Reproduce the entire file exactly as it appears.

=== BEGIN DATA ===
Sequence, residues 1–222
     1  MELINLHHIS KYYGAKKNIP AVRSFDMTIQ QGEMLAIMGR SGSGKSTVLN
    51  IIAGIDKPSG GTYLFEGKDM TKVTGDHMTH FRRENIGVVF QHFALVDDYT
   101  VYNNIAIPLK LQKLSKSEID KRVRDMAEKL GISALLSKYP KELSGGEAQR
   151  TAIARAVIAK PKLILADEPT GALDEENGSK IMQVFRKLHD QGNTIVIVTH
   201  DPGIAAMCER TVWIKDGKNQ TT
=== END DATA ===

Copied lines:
Sequence, residues 1–222
     1  MELINLHHIS KYYGAKKNIP AVRSFDMTIQ QGEMLAIMGR SGSGKSTVLN
    51  IIAGIDKPSG GTYLFEGKDM TKVTGDHMTH FRRENIGVVF QHFALVDDYT
   101  VYNNIAIPLK LQKLSKSEID KRVRDMAEKL GISALLSKYP KELSGGEAQR
   151  TAIARAVIAK PKLILADEPT GALDEENGSK IMQVFRKLHD QGNTIVIVTH
   201  DPGIAAMCER TVWIKDGKNQ TT